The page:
The letters often correspond to the up, down, left and right movements in many PC-based video games. In many newer games, it is possible to press two at once for diagonal movement. These controls allow for 8 directions of movement.
In a first person shooter, the A and D keys are generally handled as strafe keys rather than turn left or right, as turning is handled by the mouse.
The WASD key combination was introduced into games to replace the usage of the arrow keys. The WASD keys have two advantages over the arrow keys: 1) They are more comfortable to use when controlling a mouse with the right hand and 2) they are closely surrounded by many other keys that can be used for different functions (IE, "use", "reload", "run", "crouch", and "turn on/off flashlight"). These two advantages have made the WASD setup the default control setting for many games.
As additional gameplay elements have been introduced to the different genres, certain keys neighbouring the WASD cluster have become almost as universal as the movement keys themselves. Actions like run/sprint (left shift), jump (spacebar), crouch (Ctrl), use (E), flashlight (F), drop weapon (Q), and chat/talk (T) are almost always the default in both shooters and MMORPGs, although they occasionally trade weapon-focused keys for window hotkeys, and R (reload in FPS) is usually an autorun key.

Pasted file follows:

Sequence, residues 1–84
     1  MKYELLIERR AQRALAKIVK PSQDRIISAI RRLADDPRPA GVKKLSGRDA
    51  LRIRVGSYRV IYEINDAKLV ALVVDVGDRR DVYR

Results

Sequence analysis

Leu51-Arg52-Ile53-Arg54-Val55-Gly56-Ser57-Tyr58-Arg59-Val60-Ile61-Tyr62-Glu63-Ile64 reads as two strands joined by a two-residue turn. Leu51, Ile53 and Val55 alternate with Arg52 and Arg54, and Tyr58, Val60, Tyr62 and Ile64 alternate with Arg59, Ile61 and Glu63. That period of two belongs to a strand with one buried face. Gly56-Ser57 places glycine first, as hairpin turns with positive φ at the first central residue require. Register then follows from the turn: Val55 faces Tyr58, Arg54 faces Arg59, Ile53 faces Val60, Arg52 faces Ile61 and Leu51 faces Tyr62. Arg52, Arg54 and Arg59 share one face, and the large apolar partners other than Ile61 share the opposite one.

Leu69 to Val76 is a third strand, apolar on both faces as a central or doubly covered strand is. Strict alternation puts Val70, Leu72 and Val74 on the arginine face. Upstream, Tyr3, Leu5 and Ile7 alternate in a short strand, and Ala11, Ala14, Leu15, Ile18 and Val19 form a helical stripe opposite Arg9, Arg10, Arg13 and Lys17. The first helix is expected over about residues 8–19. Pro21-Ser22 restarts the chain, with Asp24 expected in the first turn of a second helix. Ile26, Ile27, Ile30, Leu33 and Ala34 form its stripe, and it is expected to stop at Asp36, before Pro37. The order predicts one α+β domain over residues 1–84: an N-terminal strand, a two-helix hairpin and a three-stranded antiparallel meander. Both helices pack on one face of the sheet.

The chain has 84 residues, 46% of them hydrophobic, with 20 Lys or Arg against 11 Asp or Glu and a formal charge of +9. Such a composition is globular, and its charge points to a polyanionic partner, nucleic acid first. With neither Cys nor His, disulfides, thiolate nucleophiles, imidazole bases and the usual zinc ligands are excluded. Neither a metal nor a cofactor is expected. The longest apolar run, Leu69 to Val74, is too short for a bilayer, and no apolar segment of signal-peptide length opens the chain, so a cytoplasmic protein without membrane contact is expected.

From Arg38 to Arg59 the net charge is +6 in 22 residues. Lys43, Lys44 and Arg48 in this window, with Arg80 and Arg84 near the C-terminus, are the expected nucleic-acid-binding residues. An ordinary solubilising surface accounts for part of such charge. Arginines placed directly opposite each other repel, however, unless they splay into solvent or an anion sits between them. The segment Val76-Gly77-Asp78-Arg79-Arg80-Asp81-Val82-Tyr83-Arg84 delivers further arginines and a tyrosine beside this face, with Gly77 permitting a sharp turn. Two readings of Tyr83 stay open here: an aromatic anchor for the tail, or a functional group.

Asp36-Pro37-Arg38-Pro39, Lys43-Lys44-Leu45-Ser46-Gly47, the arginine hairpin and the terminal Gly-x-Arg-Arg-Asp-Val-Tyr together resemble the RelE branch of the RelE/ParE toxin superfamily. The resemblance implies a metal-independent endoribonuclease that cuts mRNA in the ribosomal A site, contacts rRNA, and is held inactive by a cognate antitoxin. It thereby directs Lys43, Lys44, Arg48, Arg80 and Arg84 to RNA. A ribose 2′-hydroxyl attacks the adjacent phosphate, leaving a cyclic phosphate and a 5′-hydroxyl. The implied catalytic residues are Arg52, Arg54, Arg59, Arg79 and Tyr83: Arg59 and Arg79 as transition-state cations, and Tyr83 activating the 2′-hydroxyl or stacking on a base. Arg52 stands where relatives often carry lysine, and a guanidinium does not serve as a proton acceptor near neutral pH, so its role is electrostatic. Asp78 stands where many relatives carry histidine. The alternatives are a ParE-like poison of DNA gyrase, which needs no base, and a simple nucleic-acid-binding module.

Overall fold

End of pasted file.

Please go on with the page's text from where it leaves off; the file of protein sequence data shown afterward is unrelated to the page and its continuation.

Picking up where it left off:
Due to their proximity, caps lock is sometimes used as a run/walk toggle and tab brings up the score sheet or task list, depending on the single or multiplayer focus of the game in question.
The placement of your hand on WASD also allows easy access to the number keys, which can be used to select weapons in a FPS and preset abilities or skills in a MMORPG.
The Windows Key Problem
One of the most common issues with the WASD layout is due to the organization of keys on a keyboard - the start menu or Windows key is located immediately beside the default run and crouch keys, and is close enough to the spacebar to cause issues if someone is used to striking the extreme left side of the bar.
As that key is bound to the operating system, hitting in while in the middle of a game causes the start menu to pop open, bumping you out of the game and possibly causing the game to crash or hang on you, depending on the game and how much memory your system has. Many newer 'gaming' keyboards have an option to disable the Windows key, but those people with older keyboards simply have to get used to the layout and utter the occasional expletive when their pinky misbehaves in the heat of battle.